The Endless Road Trip — San Diego’s Top 10 Eats: 2. Tostada Loca

As has been mentioned many times previously on ES, I have a crazy addiction.

Because I am so obsessed with bringing you, dear readers, news of the outrageous and over-the-top food world, I always, always, always have to order the craziest thing on the menu. If the item actually has the word “crazy” in its name, it’s just over.

The well-reviewed Mariscos German Taco Truck (that’s pronounced her-man, they’re Mexican, not some kind of weird Bavarian taco truck) in San Diego had tons of exciting, classy menu items on the day that I went. There were smoked marlin tacos. There was shrimp ceviche. There was calamari. There was also something called “tostada loca,” so I pretty much had no choice.

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Octopus Hot Dogs. Seriously.

Earlier this week I attended an event called Foodportunity (don’t read that as Foodporntunity as I originally did), a networking party for Seattle-area food journalists and restauranteurs. I had an enjoyable time mingling and chatting, but let’s get real. I was there for the food. Washington restaurants, farms, and local markets were catering the event and handing out generous samples. Clearly I could not pass up the chance to stuff my face with a bunch of snacks I wouldn’t ordinarily get to try.

As we’ve already covered here on ES, I love unusual hot dogs. So you can imagine my excitement when I saw what James Beard Award-winning chef Tom Douglas was offering: Octopus chorizo & pork belly hot dogs with pickled fennel and lemon aioli!

How were they? Do you even have to ask? They were spicy, sweet, and slightly oily. The buns were soft and buttery (ugh, I feel like I am writing about actual food porn now). That doesn’t come as a surprise since Tom Douglas is known to have some of the best baked goods in the city, at Dahlia Bakery and all his other restaurants. Would I have guessed the meat was made from octopus? And how do you make octopus into chorizo? I don’t know the answer to these questions, I just know this was one of the best damn dogs I’ve ever put in my mouth.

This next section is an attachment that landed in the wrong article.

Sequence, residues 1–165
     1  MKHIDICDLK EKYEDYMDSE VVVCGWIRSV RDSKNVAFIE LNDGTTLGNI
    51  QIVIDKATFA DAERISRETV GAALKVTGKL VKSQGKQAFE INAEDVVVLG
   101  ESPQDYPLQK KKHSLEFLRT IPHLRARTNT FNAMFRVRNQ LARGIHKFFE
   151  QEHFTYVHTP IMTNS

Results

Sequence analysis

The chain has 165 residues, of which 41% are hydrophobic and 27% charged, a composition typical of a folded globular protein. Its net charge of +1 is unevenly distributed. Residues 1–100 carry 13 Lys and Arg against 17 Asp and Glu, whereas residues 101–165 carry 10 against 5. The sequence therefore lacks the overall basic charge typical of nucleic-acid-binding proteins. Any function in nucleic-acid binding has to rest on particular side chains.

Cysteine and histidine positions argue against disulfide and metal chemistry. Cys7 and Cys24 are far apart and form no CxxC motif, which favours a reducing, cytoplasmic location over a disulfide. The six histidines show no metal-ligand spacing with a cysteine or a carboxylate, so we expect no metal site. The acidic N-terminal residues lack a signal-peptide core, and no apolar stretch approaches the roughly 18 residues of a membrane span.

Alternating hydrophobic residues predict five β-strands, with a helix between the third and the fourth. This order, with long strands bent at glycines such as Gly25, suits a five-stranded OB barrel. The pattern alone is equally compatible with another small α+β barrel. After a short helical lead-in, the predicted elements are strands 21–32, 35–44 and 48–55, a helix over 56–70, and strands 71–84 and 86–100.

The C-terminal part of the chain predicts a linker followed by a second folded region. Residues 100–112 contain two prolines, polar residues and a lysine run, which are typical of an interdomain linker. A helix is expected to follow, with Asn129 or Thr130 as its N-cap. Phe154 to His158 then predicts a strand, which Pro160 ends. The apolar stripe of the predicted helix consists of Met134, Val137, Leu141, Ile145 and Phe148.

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Sandwiches in the City

New Yorkers are obnoxiously proud of our lunchtime options. We don’t do chains because we don’t have to. Not when you can find everything from banh mi hot dogs to Brussels sprouts sandwiches for under $10. That’s exactly why I’ve been so bothered by the rapid proliferation of Cosi, Pret a Manger and the like across Manhattan in recent years. Are New Yorkers really lunching at these places now? Sure, these semi-upscale sandwich chains are better than Subway or Quiznos, but I’d still take a Boar’s Head bodega roll any day of the week.

Recently entering the midtown sandwich contest and blowing the chains out of the water is City Sandwich, a Portuguese-style sandwich shop from chef Michael Guerrieri. Now, you foodies may be noting that there’s not really any such thing as a Portuguese-style sandwich. This is true. Like most refined Europeans, the Portuguese prefer to sit down and eat their meals with knives and forks. So Guerrieri, who was born in Naples, raised in New York and spent 13 years cooking in Lisbon, has taken traditional Portuguese meals and turned them into an array of newly-invented sandwiches.